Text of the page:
Fiction Books:

The Waves

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The Waves by Virginia Woolf (**)
$16.99
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Description

Set on the English coast against the vivid backdrop of the sea, The Waves introduces six characters who are grappling with the death of a beloved friend, Percival. The characters are almost imperceptibly revealed through the kaleidoscopic accumulation of their reflections on themselves and each other. Regarded by many as Virginia Woolf's masterpiece, The Waves was partially written in order to exorcise her private ghosts as the central, yet absent, character of Percival represents her brother Thoby, who died in 1906. It is a poetic dreamscape, visual, experimental and thrilling.

Author Biography

Virginia Woolf was born in London in 1882, the daughter of Sir Leslie Stephen, first editor of The Dictionary of National Biography. After his death in 1904 Virginia and her sister, the painter Vanessa Bell, moved to Bloomsbury and became the centre of 'The Bloomsbury Group'. This informal collective of artists and writers which included Lytton Strachey and Roger Fry, exerted a powerful influence over early twentieth-century British culture. In 1912 Virginia married Leonard Woolf, a writer and social reformer. Three years later, her first novel The Voyage Out was published, followed by Night and Day (1919) and Jacob's Room (1922). These first novels show the development of Virginia Woolf's distinctive and innovative narrative style. It was during this time that she and Leonard Woolf founded The Hogarth Press with the publication of the co-authored Two Stories in 1917, hand-printed in the dining room of their house in Surrey. Between 1925 and 1931 Virginia Woolf produced what are now regarded as her finest masterpieces, from Mrs Dalloway (1925) to the poetic and highly experimental novel The Waves (1931). She also maintained an astonishing output of literary criticism, short fiction, journalism and biography, including the playfully subversive Orlando (1928) and A Room of One's Own (1929) a passionate feminist essay. This intense creative productivity was often matched by periods of mental illness, from which she had suffered since her mother's death in 1895. On 28 March 1941, a few months before the publication of her final novel, Between the Acts, Virginia Woolf committed suicide.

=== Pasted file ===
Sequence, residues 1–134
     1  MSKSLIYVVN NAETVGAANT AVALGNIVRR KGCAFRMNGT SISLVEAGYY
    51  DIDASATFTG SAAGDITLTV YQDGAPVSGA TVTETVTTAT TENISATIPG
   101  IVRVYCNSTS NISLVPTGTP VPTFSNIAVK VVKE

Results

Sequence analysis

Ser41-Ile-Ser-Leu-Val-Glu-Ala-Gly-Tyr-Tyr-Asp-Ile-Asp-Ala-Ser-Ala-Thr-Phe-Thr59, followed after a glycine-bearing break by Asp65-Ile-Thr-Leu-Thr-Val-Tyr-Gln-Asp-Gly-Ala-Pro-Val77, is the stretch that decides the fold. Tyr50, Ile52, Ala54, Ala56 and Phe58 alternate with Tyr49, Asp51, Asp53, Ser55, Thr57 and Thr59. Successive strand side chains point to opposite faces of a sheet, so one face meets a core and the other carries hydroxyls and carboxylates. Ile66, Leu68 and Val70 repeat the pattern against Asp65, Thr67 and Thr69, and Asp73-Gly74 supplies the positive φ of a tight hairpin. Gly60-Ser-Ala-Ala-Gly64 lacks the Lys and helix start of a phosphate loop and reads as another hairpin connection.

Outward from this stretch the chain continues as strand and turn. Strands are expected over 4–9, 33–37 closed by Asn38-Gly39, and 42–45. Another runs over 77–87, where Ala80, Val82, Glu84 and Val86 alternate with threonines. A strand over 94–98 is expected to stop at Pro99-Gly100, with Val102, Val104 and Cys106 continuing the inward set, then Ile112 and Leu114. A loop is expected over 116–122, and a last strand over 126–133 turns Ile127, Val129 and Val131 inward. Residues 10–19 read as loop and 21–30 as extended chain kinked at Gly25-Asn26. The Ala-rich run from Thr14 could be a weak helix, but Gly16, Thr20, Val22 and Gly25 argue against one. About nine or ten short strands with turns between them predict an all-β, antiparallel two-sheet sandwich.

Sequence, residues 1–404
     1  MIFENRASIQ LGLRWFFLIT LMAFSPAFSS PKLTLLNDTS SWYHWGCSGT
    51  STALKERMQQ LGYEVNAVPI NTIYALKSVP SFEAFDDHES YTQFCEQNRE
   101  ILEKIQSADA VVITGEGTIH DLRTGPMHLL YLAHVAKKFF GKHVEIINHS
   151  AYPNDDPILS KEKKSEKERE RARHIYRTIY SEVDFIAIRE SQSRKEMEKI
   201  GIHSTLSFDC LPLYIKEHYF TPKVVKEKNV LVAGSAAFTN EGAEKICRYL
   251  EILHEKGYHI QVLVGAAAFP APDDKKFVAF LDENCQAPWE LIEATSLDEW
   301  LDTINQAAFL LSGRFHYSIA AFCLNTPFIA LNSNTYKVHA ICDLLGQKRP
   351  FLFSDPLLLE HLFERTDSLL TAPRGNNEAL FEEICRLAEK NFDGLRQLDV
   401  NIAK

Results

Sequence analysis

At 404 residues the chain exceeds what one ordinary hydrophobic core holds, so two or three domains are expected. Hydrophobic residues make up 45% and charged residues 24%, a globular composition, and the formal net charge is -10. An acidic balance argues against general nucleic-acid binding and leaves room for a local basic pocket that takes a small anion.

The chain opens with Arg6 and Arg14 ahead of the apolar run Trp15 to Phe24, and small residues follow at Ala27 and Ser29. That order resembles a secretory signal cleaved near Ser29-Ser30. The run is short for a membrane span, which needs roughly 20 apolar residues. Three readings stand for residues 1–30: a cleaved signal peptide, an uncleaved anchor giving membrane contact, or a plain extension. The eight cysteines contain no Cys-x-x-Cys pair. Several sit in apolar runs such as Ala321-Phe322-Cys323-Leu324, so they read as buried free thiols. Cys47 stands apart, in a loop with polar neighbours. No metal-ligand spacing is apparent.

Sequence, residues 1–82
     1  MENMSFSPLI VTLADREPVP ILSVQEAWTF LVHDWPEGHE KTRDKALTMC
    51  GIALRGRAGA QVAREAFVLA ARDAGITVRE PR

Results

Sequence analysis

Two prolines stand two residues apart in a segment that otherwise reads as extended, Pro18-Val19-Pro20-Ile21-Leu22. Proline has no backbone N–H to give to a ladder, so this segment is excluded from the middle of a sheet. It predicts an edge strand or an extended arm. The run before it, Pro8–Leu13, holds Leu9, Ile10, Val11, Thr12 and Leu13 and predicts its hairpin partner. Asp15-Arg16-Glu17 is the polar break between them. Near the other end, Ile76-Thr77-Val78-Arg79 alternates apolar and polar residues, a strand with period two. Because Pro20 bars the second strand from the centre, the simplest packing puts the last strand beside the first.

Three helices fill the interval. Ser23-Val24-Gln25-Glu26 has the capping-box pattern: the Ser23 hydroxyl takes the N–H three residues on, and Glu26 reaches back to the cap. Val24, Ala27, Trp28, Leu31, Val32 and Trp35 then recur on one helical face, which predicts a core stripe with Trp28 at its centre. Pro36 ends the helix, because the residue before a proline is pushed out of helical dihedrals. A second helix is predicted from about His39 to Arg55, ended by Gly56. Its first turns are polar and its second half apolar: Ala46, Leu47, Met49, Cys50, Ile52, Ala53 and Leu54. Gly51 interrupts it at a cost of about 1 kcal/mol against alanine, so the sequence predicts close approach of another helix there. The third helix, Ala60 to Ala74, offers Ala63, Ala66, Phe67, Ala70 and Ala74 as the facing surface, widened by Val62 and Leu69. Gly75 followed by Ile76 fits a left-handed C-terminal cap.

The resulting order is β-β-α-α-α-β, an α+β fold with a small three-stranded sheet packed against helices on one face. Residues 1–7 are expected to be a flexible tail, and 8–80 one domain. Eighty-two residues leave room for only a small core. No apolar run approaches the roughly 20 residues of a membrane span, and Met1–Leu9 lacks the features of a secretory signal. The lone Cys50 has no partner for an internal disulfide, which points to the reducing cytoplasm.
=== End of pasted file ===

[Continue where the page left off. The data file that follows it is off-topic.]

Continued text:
Release date NZ
December 2nd, 2004
Contributors
Introduction by Gillian Beer Introduction by Jeanette Winterson
Country of Publication
United Kingdom
Imprint
Vintage Classics
Pages
224
Dimensions
129x198x14
ISBN-13
9780099478270
Product ID
1672182

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